UNITED24 - Make a charitable donation in support of Ukraine!


154th Wing [154th WG]

The 154th Wing is the largest of the HIANG organizations, consisting of a headquarters element, three groups, twelve squadrons, and five flights.

The Hawaii Air National Guard (HIANG) has two missions. In performing its state mission, the HIANG provides organized, trained units to protect Hawaii's citizens and property, preserve peace, and ensure public safety in response to natural or human-caused disasters.

The federal mission is to provide operationally ready combat units, combat support units and qualified personnel for active-duty in the US Air Force in time of war, national emergency, or operational contingency.

The 154th Operations Group consists of the 199th Fighter Squadron, 203rd Air Refueling Squadron, 204th Airlift Squadron, 169th Aircraft Control and Warning Squadron, 150th Aircraft Control and Warning Flight, 154th Air Control Squadron, and the 154th Operations Support Flight.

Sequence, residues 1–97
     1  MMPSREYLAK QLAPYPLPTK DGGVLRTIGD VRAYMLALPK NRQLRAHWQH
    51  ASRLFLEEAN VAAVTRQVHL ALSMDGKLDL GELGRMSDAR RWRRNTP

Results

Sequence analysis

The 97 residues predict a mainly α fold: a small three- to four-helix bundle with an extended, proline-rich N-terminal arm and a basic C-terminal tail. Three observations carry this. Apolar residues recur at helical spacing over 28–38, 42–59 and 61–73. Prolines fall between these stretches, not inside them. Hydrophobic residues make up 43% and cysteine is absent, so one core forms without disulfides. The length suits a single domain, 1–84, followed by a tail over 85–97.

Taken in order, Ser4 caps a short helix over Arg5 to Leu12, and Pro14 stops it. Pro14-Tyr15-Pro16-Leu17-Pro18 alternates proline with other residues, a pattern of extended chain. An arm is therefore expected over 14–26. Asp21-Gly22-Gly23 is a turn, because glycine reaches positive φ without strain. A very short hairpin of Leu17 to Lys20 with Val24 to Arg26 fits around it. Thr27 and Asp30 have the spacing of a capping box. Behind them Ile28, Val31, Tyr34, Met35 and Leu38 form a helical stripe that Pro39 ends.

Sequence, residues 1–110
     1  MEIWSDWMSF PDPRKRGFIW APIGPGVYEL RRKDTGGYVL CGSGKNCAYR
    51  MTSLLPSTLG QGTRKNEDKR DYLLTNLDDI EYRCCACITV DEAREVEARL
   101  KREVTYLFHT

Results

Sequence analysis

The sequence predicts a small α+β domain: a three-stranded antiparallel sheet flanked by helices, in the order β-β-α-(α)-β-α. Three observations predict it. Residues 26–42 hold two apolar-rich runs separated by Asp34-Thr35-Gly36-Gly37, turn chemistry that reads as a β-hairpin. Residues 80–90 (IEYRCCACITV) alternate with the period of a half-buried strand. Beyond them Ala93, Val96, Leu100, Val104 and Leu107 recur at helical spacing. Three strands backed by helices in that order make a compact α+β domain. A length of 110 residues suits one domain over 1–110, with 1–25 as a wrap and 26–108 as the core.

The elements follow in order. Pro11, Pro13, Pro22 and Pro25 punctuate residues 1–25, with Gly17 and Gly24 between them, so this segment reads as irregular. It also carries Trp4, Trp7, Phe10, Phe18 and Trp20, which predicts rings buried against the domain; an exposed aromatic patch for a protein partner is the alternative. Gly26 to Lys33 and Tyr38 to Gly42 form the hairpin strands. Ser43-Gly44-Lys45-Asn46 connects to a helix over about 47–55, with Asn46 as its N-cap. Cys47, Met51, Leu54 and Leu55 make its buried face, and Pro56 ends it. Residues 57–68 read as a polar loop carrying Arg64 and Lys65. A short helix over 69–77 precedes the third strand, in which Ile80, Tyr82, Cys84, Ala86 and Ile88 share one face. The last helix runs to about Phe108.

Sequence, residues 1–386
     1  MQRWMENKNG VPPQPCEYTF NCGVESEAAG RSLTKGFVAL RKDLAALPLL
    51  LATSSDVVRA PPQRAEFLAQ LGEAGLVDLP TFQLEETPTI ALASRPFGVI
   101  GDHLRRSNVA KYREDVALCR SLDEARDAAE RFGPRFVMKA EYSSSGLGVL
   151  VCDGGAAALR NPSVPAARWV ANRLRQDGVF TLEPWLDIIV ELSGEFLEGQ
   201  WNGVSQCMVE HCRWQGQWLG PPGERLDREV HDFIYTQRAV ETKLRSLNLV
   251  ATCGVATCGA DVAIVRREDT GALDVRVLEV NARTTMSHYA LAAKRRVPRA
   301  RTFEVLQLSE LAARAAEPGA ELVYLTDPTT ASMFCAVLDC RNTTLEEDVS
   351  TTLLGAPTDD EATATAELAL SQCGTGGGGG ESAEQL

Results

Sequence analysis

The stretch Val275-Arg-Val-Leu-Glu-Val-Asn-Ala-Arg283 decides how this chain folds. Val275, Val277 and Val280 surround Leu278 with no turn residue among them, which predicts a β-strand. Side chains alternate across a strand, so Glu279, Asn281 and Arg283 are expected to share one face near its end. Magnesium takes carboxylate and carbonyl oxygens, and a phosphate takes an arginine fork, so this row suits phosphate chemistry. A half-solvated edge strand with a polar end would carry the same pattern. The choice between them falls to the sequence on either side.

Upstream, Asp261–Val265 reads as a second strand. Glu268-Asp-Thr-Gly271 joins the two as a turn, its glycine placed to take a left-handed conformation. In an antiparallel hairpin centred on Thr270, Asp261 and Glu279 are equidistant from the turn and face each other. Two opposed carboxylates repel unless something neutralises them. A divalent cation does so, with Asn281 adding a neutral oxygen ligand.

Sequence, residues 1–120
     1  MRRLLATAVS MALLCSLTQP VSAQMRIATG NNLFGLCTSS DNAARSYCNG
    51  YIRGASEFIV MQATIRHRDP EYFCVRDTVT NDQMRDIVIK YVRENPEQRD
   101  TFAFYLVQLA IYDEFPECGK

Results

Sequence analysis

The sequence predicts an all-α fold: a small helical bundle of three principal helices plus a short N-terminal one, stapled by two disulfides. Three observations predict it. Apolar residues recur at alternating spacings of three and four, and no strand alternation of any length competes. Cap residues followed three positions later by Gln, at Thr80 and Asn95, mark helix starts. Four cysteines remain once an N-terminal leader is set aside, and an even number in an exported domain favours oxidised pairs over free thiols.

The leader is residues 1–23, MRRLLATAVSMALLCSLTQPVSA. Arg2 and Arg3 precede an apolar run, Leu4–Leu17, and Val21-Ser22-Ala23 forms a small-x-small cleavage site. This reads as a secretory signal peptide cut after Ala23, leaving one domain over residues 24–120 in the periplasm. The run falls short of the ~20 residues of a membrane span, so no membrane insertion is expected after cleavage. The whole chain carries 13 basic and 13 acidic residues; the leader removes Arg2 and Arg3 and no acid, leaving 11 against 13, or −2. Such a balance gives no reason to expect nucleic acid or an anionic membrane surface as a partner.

The Wing's 169th Aircraft Control and Warning Squadron operates a radar site at Mount Kaala, Oahu, and the 150th Aircraft Control and Warning Flight operates a radar site at Kokee Air Force Station, Kauai. These radar sites are linked to the Hawaii Region Air Operations Center (HIRAOC) at Wheeler Army Airfield, Oahu, where 24-hour air surveillance of the Hawaiian island chain is provided. The 154th Aircraft Control Squadron on Kauai provides a mobile, self-sustainable, combat ready, forward extension and control element equipped to meet the Air Force's ground theater air control systems worldwide.

In Fiscal Year 1999, quarterly SENTRY ALOHA exercises were held involving both Guard and Reserve fighter units and active duty Air Force units to train with the 199th Fighter Squadron and aircraft control and warning units providing dissimilar aircraft training.

In its 2005 BRAC Recommendations, DoD recommended to realign Grand Forks Air Force Base (AFB), ND. It would distribute the 319th Air Refueling Wing's KC-135R aircraft to the 154th Wing (ANG), Hickam AFB, HI (four aircraft) and several other installations. JThe Wing would also host an active duty associate unit. The Air Force used military judgment in moving force structure from Grand Forks to Hickam (87), concluding that Hickam's strategic location argued for a more robust global mobility capability in the western Pacific. Increasing tanker force structure at Hickam would robust the unit an establishe an active duty/Air Force Reserve association to maximize Reserve participation.

Join the GlobalSecurity.org mailing list

Page last modified: 05-07-2011 02:09:57 ZULU